5. Rx for the FDA

Faced with controversies over drug warnings and recalls, the drug agency tries to revamp itself.

By Apoorva MandavilliDec 12, 2007 12:00 AM


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For the Food and Drug Administration, the agency charged with ensuring drug safety, 2007 brought a slew of charges undermining its credibility. The most widely reported involved a study by Cleveland Clinic cardiologist Steven Nissen showing that the diabetes drug Avandia, FDA-approved in 1999, raised the risk of heart attack by 30 to 40 percent. The agency was also called to testify before Congress about its inaction regarding side effects of the antibiotic Ketek and a widely used class of anemia drugs. In addition, a study published in the Archives of Internal Medicine in September found that reports of serious side effects and deaths caused by FDA-approved medicines nearly tripled between 1998 and 2005, to about 90,000.

The accumulation of evidence apparently forced a reckoning in Congress and the White House. On September 27, President Bush signed into law an amendment giving the agency unprecedented new powers to conduct and demand safety studies on approved drugs, police drug advertisements, and require companies to register data from their clinical trials in a publicly available database. The new law also boosts the agency’s budget, an increase approved in time to avert the layoffs of some 2,000 FDA employees, including many researchers.

“This has been a tough year,” acknowledges Janet Woodcock, deputy commissioner of the FDA and acting director of the agency’s Center for Drug Evaluation and Research. “[But] I do think this is an inflection point about the communication on drug safety. We have the opportunity to set up new systems.”

Bruce Psaty, a drug safety expert at the University of Washington, says the agency had been too sluggish in responding to reported problems about Avandia. “On occasion, there will be problems [with drugs]. That’s normal,” says Psaty. “The FDA should not be judged to have made an error when a drug is found to be unsafe. But it’s an issue of timeliness. With Avandia, they did not seem to me to do well because they had this info for nearly a year.” The European Medicines Agency, in contrast, added a warning to the label in 2006.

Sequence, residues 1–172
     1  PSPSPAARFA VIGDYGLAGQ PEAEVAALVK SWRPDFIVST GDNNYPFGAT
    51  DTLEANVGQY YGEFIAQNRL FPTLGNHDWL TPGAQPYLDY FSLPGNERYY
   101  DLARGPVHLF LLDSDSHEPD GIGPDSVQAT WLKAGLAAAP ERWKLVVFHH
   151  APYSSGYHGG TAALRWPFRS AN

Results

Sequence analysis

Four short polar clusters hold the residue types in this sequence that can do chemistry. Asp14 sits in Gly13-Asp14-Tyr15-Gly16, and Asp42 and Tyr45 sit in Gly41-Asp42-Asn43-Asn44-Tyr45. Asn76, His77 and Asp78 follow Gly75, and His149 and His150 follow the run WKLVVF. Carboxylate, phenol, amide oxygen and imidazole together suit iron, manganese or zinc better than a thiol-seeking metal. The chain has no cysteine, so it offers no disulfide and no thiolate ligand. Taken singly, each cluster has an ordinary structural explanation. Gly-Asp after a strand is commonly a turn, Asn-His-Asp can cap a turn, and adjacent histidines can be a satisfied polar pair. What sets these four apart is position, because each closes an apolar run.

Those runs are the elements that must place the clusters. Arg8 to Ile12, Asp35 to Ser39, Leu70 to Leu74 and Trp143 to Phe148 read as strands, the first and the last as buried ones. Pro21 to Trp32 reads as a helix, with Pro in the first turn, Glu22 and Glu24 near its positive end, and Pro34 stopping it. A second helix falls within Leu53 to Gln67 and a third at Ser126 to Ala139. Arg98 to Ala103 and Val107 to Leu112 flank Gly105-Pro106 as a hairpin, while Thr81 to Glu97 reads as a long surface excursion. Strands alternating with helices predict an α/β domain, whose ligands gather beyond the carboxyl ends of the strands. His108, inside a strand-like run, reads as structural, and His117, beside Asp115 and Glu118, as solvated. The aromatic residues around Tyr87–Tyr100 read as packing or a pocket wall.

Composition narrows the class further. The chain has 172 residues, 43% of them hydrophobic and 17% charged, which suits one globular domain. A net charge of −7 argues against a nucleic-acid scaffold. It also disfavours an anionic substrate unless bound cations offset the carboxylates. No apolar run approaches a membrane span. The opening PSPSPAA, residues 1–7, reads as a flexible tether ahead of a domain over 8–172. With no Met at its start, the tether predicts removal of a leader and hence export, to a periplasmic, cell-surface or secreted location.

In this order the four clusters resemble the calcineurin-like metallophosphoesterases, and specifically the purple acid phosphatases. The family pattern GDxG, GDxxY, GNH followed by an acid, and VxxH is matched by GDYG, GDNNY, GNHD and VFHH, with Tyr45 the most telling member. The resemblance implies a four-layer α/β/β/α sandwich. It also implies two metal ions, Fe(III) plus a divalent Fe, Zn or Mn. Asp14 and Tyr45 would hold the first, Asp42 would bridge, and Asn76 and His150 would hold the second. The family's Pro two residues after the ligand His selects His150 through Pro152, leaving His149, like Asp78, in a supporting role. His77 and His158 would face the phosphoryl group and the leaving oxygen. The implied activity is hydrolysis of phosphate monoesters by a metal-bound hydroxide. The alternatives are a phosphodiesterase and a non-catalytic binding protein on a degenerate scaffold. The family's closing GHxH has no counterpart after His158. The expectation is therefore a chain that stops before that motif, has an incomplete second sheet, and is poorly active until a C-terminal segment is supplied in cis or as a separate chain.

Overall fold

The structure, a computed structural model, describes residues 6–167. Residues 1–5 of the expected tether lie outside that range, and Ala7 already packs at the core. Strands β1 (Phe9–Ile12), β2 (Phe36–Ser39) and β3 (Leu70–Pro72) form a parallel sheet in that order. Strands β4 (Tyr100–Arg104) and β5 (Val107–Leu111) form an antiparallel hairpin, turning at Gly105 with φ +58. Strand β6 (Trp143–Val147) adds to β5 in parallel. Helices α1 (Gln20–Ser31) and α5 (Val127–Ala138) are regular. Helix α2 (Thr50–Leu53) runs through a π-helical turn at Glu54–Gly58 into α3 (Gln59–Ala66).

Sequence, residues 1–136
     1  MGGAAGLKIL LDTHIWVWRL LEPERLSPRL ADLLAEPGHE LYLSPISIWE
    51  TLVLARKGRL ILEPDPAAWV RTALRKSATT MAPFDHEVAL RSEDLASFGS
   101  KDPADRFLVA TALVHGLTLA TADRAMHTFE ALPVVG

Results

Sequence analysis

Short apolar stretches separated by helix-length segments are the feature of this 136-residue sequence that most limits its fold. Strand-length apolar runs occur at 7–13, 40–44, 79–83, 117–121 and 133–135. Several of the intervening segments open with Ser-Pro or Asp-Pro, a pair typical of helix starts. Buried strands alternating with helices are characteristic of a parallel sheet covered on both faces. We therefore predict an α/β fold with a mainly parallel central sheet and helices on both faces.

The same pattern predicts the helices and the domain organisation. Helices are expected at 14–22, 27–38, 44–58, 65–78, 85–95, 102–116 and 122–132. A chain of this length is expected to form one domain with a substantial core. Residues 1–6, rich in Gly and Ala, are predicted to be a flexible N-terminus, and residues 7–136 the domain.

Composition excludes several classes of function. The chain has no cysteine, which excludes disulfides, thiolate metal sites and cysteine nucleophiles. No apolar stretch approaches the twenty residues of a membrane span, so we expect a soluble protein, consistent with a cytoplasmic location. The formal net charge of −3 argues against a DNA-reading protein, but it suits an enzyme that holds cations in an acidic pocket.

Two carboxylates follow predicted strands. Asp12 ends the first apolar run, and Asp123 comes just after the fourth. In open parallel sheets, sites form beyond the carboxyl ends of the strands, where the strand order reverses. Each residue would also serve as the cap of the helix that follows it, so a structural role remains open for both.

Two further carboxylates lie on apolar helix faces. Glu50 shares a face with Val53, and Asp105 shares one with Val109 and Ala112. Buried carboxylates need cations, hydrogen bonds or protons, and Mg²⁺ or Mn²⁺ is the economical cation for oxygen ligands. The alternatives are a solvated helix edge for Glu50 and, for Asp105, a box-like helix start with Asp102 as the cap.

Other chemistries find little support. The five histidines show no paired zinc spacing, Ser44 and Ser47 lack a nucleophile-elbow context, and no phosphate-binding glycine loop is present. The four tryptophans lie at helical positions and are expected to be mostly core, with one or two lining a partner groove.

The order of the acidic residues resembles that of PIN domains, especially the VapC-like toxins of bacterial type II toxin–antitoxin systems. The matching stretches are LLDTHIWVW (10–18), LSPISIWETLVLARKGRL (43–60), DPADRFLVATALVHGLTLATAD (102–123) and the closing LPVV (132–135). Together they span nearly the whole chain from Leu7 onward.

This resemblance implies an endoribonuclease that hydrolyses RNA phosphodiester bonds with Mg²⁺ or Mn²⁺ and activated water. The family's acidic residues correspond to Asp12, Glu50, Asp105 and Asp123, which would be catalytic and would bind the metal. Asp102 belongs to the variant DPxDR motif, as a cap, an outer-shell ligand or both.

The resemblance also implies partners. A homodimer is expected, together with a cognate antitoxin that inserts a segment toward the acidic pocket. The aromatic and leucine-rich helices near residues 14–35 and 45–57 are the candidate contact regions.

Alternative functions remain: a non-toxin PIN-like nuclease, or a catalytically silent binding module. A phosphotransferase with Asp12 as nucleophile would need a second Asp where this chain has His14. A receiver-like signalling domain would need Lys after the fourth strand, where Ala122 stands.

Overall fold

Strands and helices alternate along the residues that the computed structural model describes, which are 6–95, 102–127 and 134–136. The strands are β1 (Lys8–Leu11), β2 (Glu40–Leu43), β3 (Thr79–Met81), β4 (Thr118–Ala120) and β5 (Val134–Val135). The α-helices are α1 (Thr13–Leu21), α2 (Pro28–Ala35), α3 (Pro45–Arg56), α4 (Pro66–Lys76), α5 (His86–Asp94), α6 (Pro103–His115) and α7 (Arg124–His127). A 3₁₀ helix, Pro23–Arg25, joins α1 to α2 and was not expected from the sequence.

Woodcock says the agency was evaluating the information when Nissen published his analysis in the New England Journal of Medicine last May. “We weren’t sitting still,” she says. “There are times when we are also going to be criticized for putting information out too early.”

Among the new law’s mandates is the creation of a clinical trial registry as well as an active surveillance system—rather than the current network of anecdotal reports from doctors and companies—that would spot problems with approved drugs faster. The law also calls for a new database that would scan hospital and insurance records for trends in side effects of certain drugs and include data from 25 million patients by 2010.

When the agency spots problems, it now has the authority to require companies to conduct follow-up studies on approved drugs and to make changes to the drug labels. The FDA also has greater powers to ensure that drug advertisements, including those that target consumers directly, present safety risks clearly—and not merely in quick, tacked-on lists, like those that now follow most television ads for drugs.

Many of the law’s provisions were outlined in an Institute of Medicine (IOM) report, The Future of Drug Safety, released in 2006. Fulfilling one of that report’s recommendations, in September the agency launched a drug-safety newsletter to update doctors. The FDA also announced in June that a new committee of ethicists, journalists, and marketing specialists would advise the agency on communicating drug risks to the public. Further, in an attempt to make the agency more credible and independent, the law aims to limit the number of scientists with financial conflicts of interest who can serve on FDA advisory panels.

The law does not, however, tackle one of the report’s principal recommendations: an overhaul of the user-fee system. Under this system, drug and device manufacturers pay the FDA user fees totaling more than $300 million—to be increased under the new law to at least $400 million—each year in exchange for speedier review of their applications. The IOM report recommended that the companies have no say in how that money is spent and that the funds be directed to improving drug safety and other programs at the FDA. Critics note that by maintaining the status quo, the law keeps FDA officials’ salaries dependent on the very industry they regulate.

Merrill Goozner, director of the Integrity in Science project at the Center for Science in the Public Interest, in Washington, D.C., contends there should be a publicly funded drug safety arm that functions completely independently within the FDA and has veto power over new drug approvals. In the meantime, he says, “This is progress, there’s no doubt about it.”

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